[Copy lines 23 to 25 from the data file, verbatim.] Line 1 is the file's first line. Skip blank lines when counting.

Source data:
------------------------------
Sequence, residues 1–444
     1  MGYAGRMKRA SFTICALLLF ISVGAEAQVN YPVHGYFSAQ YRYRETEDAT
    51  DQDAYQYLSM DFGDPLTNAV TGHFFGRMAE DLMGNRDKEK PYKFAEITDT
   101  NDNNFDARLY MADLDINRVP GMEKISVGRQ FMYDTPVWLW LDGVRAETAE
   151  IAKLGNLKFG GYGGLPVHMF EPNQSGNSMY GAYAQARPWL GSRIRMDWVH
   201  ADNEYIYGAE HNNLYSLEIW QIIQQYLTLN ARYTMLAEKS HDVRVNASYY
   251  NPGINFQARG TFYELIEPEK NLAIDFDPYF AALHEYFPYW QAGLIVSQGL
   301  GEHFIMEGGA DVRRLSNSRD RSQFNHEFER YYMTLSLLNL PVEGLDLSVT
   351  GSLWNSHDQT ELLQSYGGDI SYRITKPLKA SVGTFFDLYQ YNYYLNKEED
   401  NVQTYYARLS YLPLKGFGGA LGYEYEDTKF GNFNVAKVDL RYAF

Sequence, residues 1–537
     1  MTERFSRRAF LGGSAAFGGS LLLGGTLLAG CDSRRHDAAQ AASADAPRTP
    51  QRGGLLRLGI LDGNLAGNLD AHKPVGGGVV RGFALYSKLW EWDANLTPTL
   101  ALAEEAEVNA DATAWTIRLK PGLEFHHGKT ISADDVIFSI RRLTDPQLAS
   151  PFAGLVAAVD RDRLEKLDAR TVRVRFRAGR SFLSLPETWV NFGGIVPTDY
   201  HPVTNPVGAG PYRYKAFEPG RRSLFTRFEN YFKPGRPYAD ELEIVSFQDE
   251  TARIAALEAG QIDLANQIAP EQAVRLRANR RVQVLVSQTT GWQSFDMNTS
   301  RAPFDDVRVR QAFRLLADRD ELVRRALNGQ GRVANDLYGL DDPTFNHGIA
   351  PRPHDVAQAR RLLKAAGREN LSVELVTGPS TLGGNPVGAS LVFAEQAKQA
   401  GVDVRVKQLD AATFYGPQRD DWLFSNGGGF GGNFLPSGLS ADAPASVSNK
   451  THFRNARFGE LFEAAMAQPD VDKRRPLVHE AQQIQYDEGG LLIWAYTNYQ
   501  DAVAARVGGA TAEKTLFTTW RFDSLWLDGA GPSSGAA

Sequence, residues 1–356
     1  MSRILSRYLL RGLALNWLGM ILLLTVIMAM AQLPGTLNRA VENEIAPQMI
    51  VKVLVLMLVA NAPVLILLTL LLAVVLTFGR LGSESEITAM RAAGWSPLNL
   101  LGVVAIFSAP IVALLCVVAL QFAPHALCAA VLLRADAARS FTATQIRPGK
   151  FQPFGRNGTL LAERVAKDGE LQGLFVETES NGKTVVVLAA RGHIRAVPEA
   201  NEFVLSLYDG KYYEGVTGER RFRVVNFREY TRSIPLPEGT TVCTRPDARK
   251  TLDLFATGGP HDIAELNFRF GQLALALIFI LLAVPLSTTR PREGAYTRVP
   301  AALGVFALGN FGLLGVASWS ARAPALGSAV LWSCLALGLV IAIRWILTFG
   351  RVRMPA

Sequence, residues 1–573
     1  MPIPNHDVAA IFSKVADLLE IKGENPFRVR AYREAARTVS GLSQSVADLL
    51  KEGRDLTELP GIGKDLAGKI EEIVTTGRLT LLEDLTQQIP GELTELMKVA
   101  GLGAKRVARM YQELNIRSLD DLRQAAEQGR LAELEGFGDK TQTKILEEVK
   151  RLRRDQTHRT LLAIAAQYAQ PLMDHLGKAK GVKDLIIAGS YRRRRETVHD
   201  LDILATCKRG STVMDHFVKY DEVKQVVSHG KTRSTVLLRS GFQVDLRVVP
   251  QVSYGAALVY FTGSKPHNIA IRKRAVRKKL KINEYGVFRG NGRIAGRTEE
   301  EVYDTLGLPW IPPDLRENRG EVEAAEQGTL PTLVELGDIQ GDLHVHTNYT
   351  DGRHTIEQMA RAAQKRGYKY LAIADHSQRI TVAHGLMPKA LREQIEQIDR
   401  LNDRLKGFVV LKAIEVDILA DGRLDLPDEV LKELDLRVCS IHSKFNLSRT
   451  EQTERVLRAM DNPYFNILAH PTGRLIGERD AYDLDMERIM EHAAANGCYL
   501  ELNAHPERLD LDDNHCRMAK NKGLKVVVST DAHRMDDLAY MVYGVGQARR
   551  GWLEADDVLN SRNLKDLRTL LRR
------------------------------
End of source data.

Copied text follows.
Sequence, residues 1–356
     1  MSRILSRYLL RGLALNWLGM ILLLTVIMAM AQLPGTLNRA VENEIAPQMI
    51  VKVLVLMLVA NAPVLILLTL LLAVVLTFGR LGSESEITAM RAAGWSPLNL